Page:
Studies of judges’ sentencing decisions revealed that African American and Hispanic offenders are more likely than white offenders to be sentenced to prison. Those African American and Hispanic offenders who are sentenced to prison receive longer terms than whites do. “From 1988 to 1994, some 38 states and the District of Columbia reported an increase in the racial disparity in their rates of incarceration. Nationally, the black rate of incarceration in state prisons increased from 6.88 times that of whites to 7.66. One in 523 whites in the state will spend some time in prison, while for blacks the number grows to one in 53 ” (Brazaitis, 1997).
Furthermore, the Sentencing Project studies showed that young, black and Latino males (especially if unemployed) are subject to particularly harsh sentencing compared to other offender populations. In the vast majority of cases, if the murder victim is white, the defendant is more likely to receive a death sentence;
· Black and Latino defendants are disadvantaged compared to whites with regard to legal-process related factors such as the “trial penalty,” sentence reductions for
substantial assistance, criminal history, pretrial detention, and type of attorney;
· Black defendants convicted of harming white victims suffer harsher penalties than blacks who commit crimes against other blacks or white defendants who harm whites;
· Black and Latino defendants tend to be sentenced more severely than comparably situated white defendants for less serious crimes, especially drug and property crimes.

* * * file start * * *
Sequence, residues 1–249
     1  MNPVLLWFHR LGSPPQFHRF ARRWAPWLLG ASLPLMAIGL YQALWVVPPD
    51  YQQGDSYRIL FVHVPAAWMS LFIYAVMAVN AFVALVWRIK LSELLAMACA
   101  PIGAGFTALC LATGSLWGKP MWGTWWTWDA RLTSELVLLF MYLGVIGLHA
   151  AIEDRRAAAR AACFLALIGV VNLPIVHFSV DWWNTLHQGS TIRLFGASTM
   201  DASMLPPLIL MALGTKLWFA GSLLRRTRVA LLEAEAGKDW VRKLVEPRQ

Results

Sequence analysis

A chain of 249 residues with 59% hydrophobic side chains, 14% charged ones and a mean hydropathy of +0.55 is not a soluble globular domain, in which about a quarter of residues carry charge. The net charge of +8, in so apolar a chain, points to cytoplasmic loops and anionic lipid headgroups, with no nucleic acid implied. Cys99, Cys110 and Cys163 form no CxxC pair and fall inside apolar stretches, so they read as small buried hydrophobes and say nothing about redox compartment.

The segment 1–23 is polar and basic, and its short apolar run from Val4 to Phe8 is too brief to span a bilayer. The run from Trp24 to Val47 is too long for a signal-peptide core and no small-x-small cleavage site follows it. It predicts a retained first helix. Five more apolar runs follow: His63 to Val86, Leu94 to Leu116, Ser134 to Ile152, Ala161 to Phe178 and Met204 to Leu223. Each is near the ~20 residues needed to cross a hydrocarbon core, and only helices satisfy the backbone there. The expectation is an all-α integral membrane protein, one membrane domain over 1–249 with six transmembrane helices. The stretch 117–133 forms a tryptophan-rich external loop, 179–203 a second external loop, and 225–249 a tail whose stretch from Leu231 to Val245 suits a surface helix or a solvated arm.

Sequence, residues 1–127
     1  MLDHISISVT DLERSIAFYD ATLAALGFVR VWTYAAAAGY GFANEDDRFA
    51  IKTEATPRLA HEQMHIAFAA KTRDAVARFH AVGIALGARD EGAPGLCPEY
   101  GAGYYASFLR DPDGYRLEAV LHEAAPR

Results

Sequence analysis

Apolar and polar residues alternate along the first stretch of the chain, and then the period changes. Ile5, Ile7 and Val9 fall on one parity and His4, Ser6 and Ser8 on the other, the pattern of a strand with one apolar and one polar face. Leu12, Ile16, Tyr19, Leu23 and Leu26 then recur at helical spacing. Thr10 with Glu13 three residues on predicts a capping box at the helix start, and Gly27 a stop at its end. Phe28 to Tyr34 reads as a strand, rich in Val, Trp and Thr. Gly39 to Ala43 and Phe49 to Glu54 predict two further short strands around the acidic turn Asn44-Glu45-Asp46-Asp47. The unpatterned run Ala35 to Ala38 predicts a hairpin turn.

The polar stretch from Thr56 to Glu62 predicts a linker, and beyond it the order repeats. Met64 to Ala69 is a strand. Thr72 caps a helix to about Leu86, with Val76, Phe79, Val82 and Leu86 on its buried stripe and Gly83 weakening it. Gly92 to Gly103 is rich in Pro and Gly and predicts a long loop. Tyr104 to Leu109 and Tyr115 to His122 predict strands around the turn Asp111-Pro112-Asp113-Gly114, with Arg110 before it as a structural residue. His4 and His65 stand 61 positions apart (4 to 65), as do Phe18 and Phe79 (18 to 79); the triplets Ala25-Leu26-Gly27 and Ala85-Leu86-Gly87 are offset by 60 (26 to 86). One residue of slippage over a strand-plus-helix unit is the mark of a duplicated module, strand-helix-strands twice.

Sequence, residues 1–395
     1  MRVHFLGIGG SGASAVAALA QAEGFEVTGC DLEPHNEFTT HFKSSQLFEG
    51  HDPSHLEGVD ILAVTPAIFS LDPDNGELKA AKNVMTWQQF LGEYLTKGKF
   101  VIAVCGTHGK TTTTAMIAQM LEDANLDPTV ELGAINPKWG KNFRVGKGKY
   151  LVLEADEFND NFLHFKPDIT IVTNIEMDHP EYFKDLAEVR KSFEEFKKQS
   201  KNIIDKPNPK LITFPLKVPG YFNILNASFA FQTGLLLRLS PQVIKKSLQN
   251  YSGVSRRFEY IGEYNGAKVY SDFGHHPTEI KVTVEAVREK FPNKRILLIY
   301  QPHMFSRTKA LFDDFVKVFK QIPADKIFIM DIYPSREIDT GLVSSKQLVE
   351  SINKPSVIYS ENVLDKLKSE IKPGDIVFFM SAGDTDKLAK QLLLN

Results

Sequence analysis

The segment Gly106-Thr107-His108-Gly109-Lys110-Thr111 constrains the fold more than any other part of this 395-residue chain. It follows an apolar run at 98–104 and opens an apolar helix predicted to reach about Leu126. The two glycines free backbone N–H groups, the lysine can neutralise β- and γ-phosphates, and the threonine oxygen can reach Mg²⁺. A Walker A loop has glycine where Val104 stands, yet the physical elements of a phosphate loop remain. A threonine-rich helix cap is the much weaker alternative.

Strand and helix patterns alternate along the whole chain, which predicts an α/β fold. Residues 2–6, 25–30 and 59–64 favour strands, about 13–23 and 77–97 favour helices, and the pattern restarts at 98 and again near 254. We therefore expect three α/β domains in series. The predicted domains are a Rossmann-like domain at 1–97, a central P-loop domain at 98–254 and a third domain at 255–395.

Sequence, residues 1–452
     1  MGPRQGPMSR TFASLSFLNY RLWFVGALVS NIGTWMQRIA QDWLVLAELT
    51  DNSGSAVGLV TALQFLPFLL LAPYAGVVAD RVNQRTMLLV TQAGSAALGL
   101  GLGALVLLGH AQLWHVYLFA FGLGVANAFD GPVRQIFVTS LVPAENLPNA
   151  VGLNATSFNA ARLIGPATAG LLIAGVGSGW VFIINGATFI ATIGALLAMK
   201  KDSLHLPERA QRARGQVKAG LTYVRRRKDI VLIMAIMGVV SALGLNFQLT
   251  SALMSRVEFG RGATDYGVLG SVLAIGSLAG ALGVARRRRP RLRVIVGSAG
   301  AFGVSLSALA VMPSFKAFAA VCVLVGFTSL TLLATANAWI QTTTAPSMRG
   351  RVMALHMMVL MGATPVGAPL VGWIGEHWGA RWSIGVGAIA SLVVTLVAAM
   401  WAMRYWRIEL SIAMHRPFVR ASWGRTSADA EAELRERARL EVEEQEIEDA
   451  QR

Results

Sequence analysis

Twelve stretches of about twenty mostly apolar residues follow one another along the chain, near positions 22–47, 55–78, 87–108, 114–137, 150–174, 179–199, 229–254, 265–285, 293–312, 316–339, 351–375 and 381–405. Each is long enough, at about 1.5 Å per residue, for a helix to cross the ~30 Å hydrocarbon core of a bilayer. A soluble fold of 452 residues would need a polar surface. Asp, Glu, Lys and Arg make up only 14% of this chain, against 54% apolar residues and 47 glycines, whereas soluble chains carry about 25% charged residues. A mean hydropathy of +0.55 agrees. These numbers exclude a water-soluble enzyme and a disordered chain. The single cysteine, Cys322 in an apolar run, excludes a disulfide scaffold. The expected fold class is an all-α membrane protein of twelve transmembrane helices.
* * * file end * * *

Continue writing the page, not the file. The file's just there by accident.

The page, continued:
· In a few jurisdictions, notably the federal system, minority defendants (especially blacks) are more likely to receive a death sentence. Blacks are more likely to be disadvantaged in terms of sentence length at the federal level, whereas Latinos are more likely to be disadvantaged in terms of the decision to incarcerate;
· At the state level, both Latinos and blacks are far more likely to be disadvantaged in the decision to incarcerate or not, as opposed to the decision regarding sentence length. (The Sentencing Project, 2005).
Several factors within the criminal justice system reflect some of the disparities mentioned. First, racial profiling is present at the policing stage of the criminal justice system. “When the decision to detain someone is passed on to the patrolman rather than a detective, the result is more arrests of blacks that end in dismissal than arrests of whites that end in dismissal” (Tomic, 2004).
Concerning the prosecution, following the filing of felony court charges, “66 percent of black defendants were subsequently prosecuted (the rest were dismissed). Yet that is slightly less, not more, than the 69 percent of whites. At the stage where felony court charges were filed, “black defendants comprised 53 percent of all defendants, but they comprised 51 percent of those actually prosecuted” (Tomic, 2004).